If search is essential to your site’s navigation and you expect users to navigate primarily through queries, center the search bar on the page and place it below the header for more emphasis. For example, this configuration appears on the HubSpot Knowledge Base page, since we expect most users to arrive with specific, searchable questions.

an example of search bar design on the hubspot knowledge base website

3. Include the search icon.

Designers use icons to visually convey what a button or other page element does. Icons save space and can be identified more quickly than text. The magnifying glass icon is a widespread symbol of search, so we recommend you place it in your interface.

There are a few ways to add this icon to your bar, You can place it on the search button:

an example of search bar design

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You could place it inside the search box:

an example of search bar design

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Or you could place it on a button which hides/reveals the entire search bar, we saw in our World Wildlife Fund example. Here’s another example from Pitchfork.com:

an example of search bar design on pitchfork.com

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One more note: If the magnifying glass appears outside the search box, many users will assume it’s a button, so avoid doing this if the icon itself isn’t clickable.

4. Size appropriately.

The size of your search bar will depend on its importance on your site and the expected length of a typical query.

If search is your primary navigational tool, make it large and centered on page load. If placed in the header, the bar should be sized based on its fellow header elements: large enough to be seen on a visual scan of the page, but not so large as to steal attention.

The length of your bar is another important design choice. On one hand, you want your text field to be long enough to display more or all of the user’s typed-out query — this lets users review their query and fix any typos. On the other, the search bar shouldn’t steal space from other header elements.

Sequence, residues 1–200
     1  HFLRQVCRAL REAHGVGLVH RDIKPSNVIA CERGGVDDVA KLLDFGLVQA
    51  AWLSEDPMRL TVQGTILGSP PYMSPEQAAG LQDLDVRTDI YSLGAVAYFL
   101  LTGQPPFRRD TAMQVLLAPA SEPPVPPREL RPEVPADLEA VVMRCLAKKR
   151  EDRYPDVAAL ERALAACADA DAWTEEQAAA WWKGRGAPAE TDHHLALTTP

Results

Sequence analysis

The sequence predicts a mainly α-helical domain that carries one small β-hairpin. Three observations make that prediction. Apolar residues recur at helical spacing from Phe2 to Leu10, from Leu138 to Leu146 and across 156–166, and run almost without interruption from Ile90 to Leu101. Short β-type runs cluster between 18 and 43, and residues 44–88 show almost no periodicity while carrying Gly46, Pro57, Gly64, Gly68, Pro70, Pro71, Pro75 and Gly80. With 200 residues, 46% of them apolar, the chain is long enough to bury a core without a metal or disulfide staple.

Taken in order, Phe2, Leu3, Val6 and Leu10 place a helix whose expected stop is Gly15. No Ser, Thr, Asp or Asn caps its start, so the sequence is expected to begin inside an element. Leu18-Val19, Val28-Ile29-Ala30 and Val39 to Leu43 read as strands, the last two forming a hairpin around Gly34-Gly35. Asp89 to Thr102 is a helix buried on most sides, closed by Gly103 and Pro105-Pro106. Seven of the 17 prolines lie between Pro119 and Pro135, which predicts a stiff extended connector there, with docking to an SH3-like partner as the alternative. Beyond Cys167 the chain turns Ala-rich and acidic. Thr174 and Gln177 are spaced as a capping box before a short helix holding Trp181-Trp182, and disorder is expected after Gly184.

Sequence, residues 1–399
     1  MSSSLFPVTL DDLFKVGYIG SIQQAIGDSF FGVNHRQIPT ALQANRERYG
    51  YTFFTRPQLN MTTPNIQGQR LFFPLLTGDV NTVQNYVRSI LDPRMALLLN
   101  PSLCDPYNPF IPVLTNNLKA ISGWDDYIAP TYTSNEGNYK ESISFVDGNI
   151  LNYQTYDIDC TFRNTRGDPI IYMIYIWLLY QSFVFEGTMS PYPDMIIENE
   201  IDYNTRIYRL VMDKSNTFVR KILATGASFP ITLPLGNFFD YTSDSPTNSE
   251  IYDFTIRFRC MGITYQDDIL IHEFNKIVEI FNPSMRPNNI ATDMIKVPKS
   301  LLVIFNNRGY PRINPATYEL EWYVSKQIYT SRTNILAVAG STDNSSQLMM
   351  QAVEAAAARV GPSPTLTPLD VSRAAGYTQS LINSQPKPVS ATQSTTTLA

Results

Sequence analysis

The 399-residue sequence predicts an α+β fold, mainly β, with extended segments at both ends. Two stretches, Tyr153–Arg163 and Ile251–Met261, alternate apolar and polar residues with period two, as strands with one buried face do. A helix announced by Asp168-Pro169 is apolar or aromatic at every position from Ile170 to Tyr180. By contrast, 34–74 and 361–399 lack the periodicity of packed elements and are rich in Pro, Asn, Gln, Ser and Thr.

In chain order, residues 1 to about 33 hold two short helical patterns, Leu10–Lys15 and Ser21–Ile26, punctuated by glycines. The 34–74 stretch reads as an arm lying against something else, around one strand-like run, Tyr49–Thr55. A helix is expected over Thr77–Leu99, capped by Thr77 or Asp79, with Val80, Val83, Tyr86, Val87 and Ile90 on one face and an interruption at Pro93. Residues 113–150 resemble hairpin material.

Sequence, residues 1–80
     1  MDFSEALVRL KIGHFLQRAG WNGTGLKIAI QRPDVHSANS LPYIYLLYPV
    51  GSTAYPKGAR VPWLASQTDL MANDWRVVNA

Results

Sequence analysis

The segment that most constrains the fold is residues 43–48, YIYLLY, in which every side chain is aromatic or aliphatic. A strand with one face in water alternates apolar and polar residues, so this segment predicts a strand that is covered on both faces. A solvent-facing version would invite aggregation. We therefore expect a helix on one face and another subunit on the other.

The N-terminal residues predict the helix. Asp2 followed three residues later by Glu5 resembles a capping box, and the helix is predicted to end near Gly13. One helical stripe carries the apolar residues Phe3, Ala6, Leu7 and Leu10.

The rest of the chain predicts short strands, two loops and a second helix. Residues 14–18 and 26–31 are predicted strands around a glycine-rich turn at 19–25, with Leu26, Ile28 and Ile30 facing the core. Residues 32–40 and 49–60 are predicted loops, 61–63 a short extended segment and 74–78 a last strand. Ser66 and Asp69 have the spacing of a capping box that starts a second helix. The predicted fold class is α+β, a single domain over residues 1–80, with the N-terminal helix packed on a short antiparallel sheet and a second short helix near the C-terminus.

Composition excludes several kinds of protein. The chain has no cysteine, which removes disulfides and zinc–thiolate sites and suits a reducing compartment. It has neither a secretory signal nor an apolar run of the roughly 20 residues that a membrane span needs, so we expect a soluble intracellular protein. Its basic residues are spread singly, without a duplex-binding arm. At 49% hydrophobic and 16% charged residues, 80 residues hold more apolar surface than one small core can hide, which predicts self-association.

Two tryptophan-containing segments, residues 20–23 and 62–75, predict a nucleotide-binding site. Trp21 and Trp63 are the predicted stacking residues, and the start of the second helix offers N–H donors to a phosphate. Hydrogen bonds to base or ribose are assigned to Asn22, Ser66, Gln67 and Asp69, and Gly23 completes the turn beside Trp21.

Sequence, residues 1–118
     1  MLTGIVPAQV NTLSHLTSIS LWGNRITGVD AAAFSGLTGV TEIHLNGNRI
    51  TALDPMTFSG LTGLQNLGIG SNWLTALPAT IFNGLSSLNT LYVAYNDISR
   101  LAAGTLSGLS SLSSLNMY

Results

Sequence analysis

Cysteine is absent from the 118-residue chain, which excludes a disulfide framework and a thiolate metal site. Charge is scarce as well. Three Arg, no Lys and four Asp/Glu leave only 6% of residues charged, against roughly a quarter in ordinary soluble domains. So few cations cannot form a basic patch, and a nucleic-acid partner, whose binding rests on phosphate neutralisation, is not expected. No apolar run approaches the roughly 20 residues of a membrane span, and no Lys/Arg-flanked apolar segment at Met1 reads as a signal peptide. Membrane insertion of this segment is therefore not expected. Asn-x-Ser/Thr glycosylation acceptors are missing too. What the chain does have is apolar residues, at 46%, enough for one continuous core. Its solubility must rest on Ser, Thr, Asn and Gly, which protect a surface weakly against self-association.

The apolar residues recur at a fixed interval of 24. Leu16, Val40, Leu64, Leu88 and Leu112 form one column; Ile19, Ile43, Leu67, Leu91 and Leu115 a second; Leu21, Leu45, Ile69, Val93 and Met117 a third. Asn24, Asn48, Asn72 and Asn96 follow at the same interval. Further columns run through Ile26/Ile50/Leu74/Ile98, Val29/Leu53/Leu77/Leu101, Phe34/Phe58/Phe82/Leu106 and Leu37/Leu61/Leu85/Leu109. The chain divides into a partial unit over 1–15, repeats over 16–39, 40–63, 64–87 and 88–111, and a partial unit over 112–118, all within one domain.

A good place to start is finding or estimating the length of the average search query in characters. Are users typing in just a couple of words, or are they asking longer questions? If it’s the latter, you’ll probably want to lengthen your search box or set it to expand when clicked.

5. Consider adding placeholder text.

Placeholder text appears in the search box when the box is not in focus. It is meant to prompt action from the user. A placeholder can be a helpful cue for users by either listing a sample queries like “Try hats, jeans, bags…”, or by simply stating “Search…”.

If you want to add a placeholder, the text should appear a lighter shade to distinguish it from a typed query, and should disappear when the user focuses on the box or starts typing.

6. Consider adding autocomplete.

Autocomplete is another way to help complete a search. When user type, autocomplete provides suggestions in a menu below the search. Predictions can be tailored to your site’s specific content, so users can be confident they’re finding their desired content.

Don’t overwhelm users with the number of suggestions — while it depends on the size of your website and the amount of indexed content, one to 10 is usually a good range.

Here’s an example of autocomplete on Patagonia’s ecommerce site search:

an example of search bar design on patagonia.com

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Allow users to click the suggestion or, to make your interface more accessible, let them move up and down the suggestion list with the arrow keys and select an option with the “Enter”/ “Return” key.

7. Hide advanced options.

Unless you expect your user base to be generally more technology-savvy than the average internet user, it’s almost always best to hide advanced search options like categories, filters, and exact matching. This keeps the UI clean and accessible.

If you must include advanced options, consider placing them in a hidden menu that appears when the search bar is selected, or provide a nearby link to an “Advanced search” page.

8. Design for mobile.

The rise of smartphones and tablets has impacted UI best practices across the board, and that includes site search bars. Make sure your search box and button are large enough to see and be selected. W3C provides two relevant accessibility guidelines:

  • Ensure that touch targets are at least 9 millimeters high by 9 millimeters wide.
  • Ensure that touch targets close to the minimum size are surrounded by a small amount of inactive space.

These guidelines apply to all touchscreen devices regardless of screen size.

Also, due to lack of space, it’s more acceptable on mobile devices to hide your entire search bar behind a search glass icon, and reveal it when the icon is tapped. Again, this icon needs to be noticeable — some user testing is helpful to ensure this.

Save Conversions With Search

Designing site search can be challenging because, as internet users, we’re spoiled with this feature. In all likelihood, most websites you frequent have mastered their search function and design, so the bar is quite high (pun intended). Heck, even the most popular website is literally a search interface.

That’s why, above all, your search bar needs to be simple, obvious, and easy to use. If it works well, your users won’t think about it. You’ll retain their trust in your site and your business, and push them closer to a conversion or purchase.

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Originally published Oct 6, 2020 7:00:00 AM, updated October 06 2020


User Experience